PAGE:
Note: This is an updated version of the original post. I put in the second quote by Craig after watching the rest of the 2 hour debate.
Evangelical philosopher and apologist William Lane Craig held a debate with historian and New Testament scholar Bart Ehrman on the historical probability of the resurrection of Jesus Christ. The first of a 12 part video of this debate can be found here. In his debate with Ehrman, Craig revealed his thoughts about the validity of personal spiritual experience as a method for obtaining truth (approx. 1:30 of video 1):
Of course, ever since my conversion I believed in the resurrection on the basis of my personal experience and I still think that this experiential approach to the resurrection is a perfectly valid way to know that Christ is risen, it’s the way that most Christians today know that Jesus is risen and alive.
Later, towards the end of an extensive debate, (approx. 4:10 of video 11) Craig says the following:
In short I don’t think that there’s any good reason for thinking that the historical evidence for the resurrection of Jesus is not best explained by the resurrection, and I want to conclude now just by saying something about that other avenue to a knowledge of the resurrection, that experiential approach. You see, if Christ is really risen from the dead as the evidence indicates then that means that Jesus is not just some ancient figure in history or a picture on a stained glass window. It means that he is alive today and can be known experientially.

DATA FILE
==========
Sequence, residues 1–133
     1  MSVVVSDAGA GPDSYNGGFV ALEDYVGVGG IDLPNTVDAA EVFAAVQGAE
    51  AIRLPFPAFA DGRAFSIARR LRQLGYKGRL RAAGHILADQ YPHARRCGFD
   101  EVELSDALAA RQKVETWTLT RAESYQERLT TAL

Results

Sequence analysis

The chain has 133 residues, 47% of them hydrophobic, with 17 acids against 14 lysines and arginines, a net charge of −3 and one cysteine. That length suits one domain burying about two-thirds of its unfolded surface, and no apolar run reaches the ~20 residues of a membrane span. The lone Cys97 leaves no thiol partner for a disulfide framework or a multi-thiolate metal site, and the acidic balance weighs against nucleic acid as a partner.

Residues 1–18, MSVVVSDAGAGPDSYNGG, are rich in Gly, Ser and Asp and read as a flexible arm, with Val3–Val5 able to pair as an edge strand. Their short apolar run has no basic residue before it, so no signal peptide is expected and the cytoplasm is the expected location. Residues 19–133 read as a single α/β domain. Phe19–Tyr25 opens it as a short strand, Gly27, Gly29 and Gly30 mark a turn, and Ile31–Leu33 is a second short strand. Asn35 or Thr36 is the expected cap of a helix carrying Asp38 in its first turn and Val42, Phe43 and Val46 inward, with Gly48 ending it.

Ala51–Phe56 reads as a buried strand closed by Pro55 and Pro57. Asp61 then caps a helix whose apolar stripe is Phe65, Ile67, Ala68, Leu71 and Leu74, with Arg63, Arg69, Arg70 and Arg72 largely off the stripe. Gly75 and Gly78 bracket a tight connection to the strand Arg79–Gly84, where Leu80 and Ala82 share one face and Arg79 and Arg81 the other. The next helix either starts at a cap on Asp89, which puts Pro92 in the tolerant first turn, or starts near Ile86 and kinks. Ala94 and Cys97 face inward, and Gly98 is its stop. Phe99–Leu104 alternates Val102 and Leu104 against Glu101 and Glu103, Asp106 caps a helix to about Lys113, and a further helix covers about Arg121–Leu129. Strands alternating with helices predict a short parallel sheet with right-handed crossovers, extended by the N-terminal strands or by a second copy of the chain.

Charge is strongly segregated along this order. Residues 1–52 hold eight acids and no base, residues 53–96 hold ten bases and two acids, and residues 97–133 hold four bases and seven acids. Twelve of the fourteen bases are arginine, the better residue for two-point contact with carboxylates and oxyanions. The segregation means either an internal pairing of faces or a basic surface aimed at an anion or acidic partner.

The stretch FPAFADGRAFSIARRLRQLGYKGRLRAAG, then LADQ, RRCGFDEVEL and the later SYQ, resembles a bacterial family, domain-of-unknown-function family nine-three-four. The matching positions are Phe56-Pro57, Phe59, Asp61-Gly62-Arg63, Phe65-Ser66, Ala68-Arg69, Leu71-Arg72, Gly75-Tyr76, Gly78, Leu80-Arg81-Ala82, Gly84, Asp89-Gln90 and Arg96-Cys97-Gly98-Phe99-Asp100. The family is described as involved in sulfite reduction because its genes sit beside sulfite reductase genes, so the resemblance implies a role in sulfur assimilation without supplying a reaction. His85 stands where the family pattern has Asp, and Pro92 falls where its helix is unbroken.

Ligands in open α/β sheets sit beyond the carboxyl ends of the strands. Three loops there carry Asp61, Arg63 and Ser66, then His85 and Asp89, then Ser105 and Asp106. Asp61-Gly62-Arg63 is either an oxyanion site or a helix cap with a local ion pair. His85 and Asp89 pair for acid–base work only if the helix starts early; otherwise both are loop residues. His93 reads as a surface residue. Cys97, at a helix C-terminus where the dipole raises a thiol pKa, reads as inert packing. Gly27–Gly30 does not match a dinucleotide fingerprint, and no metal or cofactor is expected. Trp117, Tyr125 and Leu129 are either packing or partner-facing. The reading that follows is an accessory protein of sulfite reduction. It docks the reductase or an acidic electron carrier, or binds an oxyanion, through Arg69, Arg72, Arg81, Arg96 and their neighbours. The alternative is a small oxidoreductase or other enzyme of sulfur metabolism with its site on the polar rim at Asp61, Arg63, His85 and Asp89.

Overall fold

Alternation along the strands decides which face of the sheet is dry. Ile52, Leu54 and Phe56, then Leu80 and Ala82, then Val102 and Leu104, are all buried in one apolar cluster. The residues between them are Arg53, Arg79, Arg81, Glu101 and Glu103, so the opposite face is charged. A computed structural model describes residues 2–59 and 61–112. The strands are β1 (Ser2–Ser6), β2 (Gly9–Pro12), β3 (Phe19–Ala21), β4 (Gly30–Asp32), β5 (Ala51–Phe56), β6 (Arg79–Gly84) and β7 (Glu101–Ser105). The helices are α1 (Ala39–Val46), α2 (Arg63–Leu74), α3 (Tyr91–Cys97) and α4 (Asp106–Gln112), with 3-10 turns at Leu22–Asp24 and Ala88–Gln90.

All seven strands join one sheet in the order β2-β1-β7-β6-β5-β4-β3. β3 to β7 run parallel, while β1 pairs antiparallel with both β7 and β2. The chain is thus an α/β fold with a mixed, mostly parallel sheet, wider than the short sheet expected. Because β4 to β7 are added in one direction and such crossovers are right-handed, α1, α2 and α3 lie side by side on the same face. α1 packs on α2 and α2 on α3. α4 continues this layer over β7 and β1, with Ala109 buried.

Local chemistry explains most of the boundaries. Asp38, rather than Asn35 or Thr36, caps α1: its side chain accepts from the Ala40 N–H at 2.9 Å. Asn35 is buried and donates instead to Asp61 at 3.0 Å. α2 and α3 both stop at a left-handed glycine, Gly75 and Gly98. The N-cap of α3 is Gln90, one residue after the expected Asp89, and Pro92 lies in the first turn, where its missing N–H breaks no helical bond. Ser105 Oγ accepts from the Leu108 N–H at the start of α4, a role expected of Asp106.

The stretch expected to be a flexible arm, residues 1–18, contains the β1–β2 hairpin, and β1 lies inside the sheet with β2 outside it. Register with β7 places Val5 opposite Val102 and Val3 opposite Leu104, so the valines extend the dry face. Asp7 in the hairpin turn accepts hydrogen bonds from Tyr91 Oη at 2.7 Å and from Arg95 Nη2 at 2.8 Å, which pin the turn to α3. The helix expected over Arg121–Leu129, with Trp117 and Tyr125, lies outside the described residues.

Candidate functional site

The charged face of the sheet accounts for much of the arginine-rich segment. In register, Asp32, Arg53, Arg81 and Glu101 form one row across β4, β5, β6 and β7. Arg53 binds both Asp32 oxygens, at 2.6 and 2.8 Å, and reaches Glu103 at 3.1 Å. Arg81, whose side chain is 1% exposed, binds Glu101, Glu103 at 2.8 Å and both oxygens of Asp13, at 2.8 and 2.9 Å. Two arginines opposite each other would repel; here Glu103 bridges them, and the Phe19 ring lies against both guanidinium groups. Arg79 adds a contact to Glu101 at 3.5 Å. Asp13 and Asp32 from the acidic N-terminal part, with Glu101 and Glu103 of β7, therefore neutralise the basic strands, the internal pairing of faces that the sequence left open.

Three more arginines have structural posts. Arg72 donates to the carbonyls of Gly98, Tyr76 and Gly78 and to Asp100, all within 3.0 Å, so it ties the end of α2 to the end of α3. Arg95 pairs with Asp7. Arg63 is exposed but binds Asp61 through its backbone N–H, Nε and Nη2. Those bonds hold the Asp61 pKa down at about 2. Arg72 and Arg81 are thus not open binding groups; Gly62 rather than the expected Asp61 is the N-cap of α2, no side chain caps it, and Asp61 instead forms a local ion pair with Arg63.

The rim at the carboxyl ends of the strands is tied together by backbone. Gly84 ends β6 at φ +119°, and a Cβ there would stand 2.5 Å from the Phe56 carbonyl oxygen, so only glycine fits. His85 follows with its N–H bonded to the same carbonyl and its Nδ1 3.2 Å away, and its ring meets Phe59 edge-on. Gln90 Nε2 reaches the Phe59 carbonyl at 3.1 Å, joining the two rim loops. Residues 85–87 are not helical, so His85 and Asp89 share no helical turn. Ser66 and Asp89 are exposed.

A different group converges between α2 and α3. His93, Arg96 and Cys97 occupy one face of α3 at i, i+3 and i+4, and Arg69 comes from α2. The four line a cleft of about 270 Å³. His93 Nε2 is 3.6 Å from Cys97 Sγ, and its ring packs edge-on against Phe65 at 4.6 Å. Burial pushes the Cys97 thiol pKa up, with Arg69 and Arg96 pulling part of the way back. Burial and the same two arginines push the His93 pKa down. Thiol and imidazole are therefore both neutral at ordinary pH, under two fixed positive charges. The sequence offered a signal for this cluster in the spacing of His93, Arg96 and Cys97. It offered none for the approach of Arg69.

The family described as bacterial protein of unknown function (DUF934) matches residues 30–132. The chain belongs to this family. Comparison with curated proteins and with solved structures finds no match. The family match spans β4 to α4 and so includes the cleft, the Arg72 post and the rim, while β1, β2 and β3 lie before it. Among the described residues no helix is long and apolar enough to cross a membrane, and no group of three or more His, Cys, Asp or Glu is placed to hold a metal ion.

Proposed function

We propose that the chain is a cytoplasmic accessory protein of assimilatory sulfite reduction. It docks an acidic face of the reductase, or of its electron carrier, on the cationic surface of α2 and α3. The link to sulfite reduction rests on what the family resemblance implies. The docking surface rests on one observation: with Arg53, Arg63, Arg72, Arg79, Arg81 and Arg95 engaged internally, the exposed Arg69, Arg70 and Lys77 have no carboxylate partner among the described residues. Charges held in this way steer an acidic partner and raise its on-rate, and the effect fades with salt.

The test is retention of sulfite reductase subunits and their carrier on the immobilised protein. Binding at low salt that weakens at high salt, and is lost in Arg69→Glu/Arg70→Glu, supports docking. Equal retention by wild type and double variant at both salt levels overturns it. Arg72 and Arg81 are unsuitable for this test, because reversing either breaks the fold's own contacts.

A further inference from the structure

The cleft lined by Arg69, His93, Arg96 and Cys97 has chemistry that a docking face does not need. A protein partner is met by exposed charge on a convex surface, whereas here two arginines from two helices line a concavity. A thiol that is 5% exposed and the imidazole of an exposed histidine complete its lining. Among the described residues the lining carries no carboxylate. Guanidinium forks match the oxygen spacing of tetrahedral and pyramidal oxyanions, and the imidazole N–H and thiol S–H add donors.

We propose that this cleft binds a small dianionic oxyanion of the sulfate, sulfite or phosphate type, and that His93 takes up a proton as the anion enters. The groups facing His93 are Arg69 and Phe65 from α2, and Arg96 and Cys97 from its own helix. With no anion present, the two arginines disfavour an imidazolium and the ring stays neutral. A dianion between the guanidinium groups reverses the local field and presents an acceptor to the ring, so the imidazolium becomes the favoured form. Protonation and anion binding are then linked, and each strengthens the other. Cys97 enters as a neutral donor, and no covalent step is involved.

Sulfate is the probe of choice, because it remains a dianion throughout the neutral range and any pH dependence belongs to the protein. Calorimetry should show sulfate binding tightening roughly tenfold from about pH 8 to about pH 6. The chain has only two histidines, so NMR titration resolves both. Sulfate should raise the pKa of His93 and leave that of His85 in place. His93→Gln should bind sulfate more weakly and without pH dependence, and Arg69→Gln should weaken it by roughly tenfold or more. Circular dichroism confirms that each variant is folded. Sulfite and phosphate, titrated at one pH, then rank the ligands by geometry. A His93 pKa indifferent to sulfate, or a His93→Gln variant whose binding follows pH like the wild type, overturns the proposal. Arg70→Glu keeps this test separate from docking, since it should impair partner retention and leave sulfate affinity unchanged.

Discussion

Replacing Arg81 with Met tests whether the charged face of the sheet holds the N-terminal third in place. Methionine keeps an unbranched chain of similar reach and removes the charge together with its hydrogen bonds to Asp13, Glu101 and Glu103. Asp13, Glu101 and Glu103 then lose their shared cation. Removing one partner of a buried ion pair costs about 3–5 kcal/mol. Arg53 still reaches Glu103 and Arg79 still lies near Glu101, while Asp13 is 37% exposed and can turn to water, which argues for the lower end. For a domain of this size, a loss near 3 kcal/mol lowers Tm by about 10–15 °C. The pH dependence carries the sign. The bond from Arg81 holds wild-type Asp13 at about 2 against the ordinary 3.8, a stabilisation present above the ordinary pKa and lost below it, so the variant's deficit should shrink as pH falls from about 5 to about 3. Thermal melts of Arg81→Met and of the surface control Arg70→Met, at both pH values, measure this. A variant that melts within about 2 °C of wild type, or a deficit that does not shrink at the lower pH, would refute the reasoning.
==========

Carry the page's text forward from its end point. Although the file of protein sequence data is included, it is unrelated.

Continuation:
For me Christianity ceased to be just a religion or a code to live by when I gave my life to Christ and experienced a spiritual rebirth in my own life. God became a living reality to me. The light went on where before there was only darkness and God became an experiential reality, along with an overwhelming joy and peace and meaning that he imparted to my life, and I would simply say to you that if your looking for that sort of meaning and purpose in life then look not only at the historical evidence but also pick up the New Testament and begin to read it and ask yourself whether or not this could be the truth. I believe that it can change your life in the same way that it’s changed mine.
I’m sure that Craig has much more to say on the topic, and this by no means is meant to be taken out of a wider context in which he might prefer to place these words. Nonetheless, this represents his basic opinion of the matter which he expressed in an academic debate.
Why is this noteworthy? A common attack leveled against the LDS approach to God is that our reliance on the personal experience with God as the foundation for our faith is not a valid approach to truth. Here we have a very prominent non-LDS Christian apologist stating otherwise.
The debate may rage on, but this at least counts for something.